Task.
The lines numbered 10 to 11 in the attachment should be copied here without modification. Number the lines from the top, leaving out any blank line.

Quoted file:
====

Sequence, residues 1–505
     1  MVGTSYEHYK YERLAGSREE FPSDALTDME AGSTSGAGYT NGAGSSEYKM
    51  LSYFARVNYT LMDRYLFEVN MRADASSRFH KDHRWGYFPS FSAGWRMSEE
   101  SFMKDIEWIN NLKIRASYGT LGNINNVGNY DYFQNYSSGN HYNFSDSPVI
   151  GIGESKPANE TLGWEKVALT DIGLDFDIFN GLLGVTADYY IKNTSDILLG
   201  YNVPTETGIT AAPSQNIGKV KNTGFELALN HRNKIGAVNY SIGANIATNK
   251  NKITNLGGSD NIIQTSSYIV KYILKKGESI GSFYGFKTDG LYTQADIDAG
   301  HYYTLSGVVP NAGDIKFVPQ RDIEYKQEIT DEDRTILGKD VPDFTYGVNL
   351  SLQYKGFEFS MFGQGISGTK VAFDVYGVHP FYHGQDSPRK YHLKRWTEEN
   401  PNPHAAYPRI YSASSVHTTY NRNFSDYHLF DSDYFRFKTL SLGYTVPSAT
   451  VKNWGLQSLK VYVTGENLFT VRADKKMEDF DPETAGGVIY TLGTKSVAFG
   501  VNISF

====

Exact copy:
   401  PNPHAAYPRI YSASSVHTTY NRNFSDYHLF DSDYFRFKTL SLGYTVPSAT
   451  VKNWGLQSLK VYVTGENLFT VRADKKMEDF DPETAGGVIY TLGTKSVAFG